Lung cancer is common in males as well as females and is one of the most common causes of cancer related deaths worldwide. To gain an in-depth understanding of the ‘pedagogy of suffering’ (Frank, 1995: 145), the lived experiences of 12 adult patients in Northern Ireland diagnosed with advanced lung cancer were captured during two qualitative interviews with each patient (one month apart), which were audio-recorded. This article outlines analysis which used Frank’s (1995) narrative structures of restitution, chaos and quest, to provide rich insights into how patients narrated their ‘suffering’ over time. Findings revealed frustration and loss of faith in medical physicians due to a delayed diagnosis; resignation regarding treatment options and outcomes; externalisation of a disease that society fears, curbs life expectancy and causes biographical disruption; and powerlessness underpinned by a heroic return to put affairs in order, encourage others and share hopes for the future. In an era of health and social work practitioners experiencing increasing bureaucracy and caseloads, these findings highlight the importance of prioritising the psychosocial needs of patients, supporting patients with the emotional and practical challenges of living with a life-limiting illness, and of skilful practitioners promoting peaceful closure in end of life care.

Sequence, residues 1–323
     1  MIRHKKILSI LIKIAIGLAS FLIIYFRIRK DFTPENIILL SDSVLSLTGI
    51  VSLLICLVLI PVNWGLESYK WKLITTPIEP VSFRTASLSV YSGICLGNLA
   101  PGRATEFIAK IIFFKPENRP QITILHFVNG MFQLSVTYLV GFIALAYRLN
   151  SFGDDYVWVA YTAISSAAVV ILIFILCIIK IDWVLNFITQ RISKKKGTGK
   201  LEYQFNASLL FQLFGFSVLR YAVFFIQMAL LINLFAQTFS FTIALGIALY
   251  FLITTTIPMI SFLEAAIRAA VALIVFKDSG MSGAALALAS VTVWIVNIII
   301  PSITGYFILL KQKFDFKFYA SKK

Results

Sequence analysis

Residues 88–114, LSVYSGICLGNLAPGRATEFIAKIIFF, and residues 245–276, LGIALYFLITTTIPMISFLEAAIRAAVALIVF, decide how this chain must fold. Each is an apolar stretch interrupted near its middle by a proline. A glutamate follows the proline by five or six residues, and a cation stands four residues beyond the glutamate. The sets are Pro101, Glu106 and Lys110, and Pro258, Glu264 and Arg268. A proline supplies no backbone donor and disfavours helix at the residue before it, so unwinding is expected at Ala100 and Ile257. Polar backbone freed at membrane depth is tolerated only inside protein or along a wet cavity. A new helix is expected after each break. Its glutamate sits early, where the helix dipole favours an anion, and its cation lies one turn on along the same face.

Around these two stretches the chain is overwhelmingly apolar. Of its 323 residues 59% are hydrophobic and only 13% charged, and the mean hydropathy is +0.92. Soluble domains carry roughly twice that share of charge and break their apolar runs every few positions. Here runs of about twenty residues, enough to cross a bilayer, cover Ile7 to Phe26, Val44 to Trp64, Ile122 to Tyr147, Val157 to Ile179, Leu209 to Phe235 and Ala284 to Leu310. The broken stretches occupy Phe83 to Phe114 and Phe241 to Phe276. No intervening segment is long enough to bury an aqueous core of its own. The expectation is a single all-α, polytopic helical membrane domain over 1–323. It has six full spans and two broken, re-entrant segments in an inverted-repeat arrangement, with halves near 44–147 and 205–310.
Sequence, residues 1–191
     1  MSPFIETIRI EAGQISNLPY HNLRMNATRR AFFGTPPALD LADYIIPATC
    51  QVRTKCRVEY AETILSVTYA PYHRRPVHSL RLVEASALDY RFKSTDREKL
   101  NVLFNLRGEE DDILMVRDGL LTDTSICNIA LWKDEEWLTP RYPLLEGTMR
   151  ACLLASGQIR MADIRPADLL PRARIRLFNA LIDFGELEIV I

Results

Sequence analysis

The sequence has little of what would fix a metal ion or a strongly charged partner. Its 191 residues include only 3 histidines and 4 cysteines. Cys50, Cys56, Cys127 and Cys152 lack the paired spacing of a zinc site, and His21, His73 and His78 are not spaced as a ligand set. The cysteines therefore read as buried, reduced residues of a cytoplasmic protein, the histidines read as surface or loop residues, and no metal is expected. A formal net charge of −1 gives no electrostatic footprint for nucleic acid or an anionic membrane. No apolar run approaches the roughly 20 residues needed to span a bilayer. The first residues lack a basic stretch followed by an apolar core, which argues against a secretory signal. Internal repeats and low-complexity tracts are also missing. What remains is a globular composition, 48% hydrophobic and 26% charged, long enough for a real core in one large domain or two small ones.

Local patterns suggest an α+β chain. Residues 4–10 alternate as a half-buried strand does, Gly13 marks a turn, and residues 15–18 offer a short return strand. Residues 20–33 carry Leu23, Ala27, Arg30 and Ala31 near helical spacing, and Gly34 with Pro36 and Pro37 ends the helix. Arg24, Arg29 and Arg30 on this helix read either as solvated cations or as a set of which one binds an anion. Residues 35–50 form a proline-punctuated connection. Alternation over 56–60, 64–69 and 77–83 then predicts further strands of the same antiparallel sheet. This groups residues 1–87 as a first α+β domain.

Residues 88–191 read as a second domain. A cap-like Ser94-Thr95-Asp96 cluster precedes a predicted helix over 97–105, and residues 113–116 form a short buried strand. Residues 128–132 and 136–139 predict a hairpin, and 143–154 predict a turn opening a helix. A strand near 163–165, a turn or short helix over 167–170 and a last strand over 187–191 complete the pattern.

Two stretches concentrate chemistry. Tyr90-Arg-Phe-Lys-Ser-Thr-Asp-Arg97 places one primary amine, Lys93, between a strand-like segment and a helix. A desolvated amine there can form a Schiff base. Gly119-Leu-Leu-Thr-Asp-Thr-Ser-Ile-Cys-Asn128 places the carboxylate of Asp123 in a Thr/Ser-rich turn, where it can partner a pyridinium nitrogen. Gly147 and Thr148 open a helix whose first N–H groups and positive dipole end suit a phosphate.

- Lung Cancer